Home Is Where The Hotel Is
If you’ve stayed in any of the world’s best hotels on your travels, chances are Jean-Michel Gathy has had something to do with them. The Belgian- born, Malaysia-based architect has a host of luxury hotel projects under his belt, including multiple Aman Resorts and Prince William and Kate Middleton’s recent crash pad, Cheval Blanc in the Maldives. LOFT caught up with him over a chamomile tea as he took a break from his next projects which includes Park Hyatt, Sanya, which has recently been completed, and Mandarin Oriental, Bali.
Do you think you were always destined to be an architect?
I am by nature an entrepreneur. I’ve always liked to build things. I’m a dreamer too, but I like to make my dreams happen. I’ve also always been someone who worships art, the outdoors, beauty – I love aesthetic and design. I like things Cheval Blanc Randheli to have a frame, which is what separates me from an artist. So when you want a frame, have a love of art and beauty and the desire to build I guess you end up in this profession. Whether I was born to do it, I cannot say for sure.
Did you always intend to specialise in architecture for travel or did it happen by accident?
I’ve always loved travelling, ever since I was a child. When you put travelling together with my love of beauty and building things, you end up with hotels. It was not coincidental – I’ve never dreamed of building an office in the middle of a city – that just doesn’t turn me on. It’s not sexy.
What are the components of luxury that you have to consider in your hotel design?
The ultimate purpose is to make sure you design a place where people will be comfortable and want to come back to. Return guests are the essence of a first-class hotel. If you manage that, then you’re successful. So this is the ultimate target when we design – whether we achieve that via construction materials, technology, space, volume, privacy – we have to make it as appealing as possible to the customer.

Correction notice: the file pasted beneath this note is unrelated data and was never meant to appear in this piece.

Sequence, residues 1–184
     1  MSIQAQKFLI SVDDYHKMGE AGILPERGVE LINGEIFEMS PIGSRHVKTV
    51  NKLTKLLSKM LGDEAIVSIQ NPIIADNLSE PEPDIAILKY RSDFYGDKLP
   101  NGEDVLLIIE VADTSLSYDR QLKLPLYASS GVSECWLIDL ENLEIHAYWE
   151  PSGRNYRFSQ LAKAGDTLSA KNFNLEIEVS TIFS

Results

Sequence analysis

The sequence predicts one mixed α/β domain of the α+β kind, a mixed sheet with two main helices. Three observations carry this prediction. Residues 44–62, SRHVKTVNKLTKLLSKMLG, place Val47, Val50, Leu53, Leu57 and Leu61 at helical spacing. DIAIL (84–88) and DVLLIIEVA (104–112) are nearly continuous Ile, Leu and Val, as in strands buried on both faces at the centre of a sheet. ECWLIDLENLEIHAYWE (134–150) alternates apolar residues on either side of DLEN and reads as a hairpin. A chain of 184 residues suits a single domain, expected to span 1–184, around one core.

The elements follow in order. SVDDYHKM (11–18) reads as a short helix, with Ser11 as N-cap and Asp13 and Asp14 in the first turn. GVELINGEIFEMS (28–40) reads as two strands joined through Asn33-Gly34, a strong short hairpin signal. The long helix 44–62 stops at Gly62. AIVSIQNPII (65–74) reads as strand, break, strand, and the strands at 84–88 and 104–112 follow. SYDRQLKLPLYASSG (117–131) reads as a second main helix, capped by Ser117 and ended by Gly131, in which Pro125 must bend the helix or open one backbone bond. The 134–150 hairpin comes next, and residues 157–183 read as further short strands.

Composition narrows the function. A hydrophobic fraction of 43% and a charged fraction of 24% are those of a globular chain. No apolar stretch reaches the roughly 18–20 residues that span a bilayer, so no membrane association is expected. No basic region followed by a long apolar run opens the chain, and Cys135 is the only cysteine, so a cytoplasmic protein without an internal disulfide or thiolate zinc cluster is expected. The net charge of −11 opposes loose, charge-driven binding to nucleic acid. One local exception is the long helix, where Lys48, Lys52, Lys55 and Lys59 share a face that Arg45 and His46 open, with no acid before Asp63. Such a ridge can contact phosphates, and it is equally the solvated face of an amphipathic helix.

Your first resort was Aman Resorts’ Amanwana on the Indonesian island of Moyo. Would you change anything about that design now?
It wasn’t the first resort I designed, but it was the first that actually got built. I guess there are new technologies now that weren’t part of the world when we were designing back then. But fundamentally the vision of a remote ‘camping site’ remains – I’ve been back a lot and still like it. In fact, I am still designing things with similarities. Some of my clients specifically request it.
Do you think luxury design is becoming homogenised?
Before a few years ago there were very few exclusive resorts. Aman was really the first – although some may claim otherwise.There may have been luxury stand- alone hotels before but Aman was the first one to say they wanted super exclusivity but also to be a chain. I will avoid the word ‘copy’ but let’s say many have been inspired by Aman. As a result, I guess you may find that resorts start to look more and more alike.We have started to readdress this as you can see in hotels like Cheval Blanc. It has a different touch – but all the same elements.You can probably see it’s the same person behind the design but it doesn’t look like an Aman at all.
Is it true that you invented the private plunge pool?